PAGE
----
French to chair Sahel talks aimed at curbing Islamist insurgency

Meeting seeks to promote development in the African region to head off fighting

CORRECTION / A Burkina Faso soldier patrols at a camp sheltering Internally Displaced People (IDP) from Mali in Dori, on February 3, 2020.  600 000 Internally Displaced People (IDP) have fled recent attacks in northern Burkina. / AFP / OLYMPIA DE MAISMONT
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France’s foreign minister will chair a meeting in Mauritania on Tuesday aimed at galvanising international support for the mission to defeat the world’s fastest growing Islamist insurgency in the Sahel region of Africa.

Jean-Yves Le Drian will chair the first meeting of the general Assembly of the Sahel Alliance, the group set up in 2017 to support efforts of five Sahel nations trying to combat groups seeking to establish an Islamic state in the region.

France first sent troops to Mali in 2013 and now has more than 5,000 troops across the huge area of central Africa as fighting has intensified and left more than 4,000 people dead last year, according to UN figures. Hundreds of thousands more people have been forced to flee their homes because of the fighting.

France fears that the conflict could drive migrants fleeing the conflict northwards, increasing financial and political pressures on Europe and risking further instability from the armed conflict close to its southern borders.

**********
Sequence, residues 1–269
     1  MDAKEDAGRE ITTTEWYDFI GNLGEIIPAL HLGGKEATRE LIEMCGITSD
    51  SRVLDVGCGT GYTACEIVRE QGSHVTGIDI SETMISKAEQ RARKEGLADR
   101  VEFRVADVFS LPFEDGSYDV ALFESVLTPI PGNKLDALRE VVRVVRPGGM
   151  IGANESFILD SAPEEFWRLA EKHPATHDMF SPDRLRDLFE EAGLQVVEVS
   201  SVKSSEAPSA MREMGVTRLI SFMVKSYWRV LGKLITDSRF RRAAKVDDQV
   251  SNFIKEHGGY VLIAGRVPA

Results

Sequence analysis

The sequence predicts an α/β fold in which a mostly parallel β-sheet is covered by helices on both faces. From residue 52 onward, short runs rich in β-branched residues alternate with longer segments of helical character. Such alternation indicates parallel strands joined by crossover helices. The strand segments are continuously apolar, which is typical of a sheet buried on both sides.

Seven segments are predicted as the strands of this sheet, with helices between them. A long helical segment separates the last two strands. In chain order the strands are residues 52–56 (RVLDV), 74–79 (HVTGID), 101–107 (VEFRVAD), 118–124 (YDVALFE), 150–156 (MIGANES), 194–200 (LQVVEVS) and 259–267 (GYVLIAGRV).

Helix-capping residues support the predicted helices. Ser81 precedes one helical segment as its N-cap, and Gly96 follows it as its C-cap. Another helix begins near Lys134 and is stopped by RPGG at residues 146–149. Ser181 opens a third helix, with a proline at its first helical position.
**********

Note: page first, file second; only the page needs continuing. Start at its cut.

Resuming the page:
France has requested help from European allies to support its mission but has been largely rebuffed.

The Spanish foreign minster Arancha Gonzalez and Jutta Urpilainen, an EU commissioner, will also attend to hand over seven armoured personnel carriers, the French foreign ministry said.

The meeting will “underscore the concrete support of France and the EU” for the forces of the G5 Sahel Joint Force, comprising Burkina Faso, Chad, Mali, Mauritania and Niger.

The meeting comes after an ambush on a police patrol in Burkina Faso on Monday left four people dead. The dead included three police officers and another five people were injured.

Under-equipped and poorly trained, the country's security forces have not been able to counter the deadly raids in their territory, despite the help of French troops.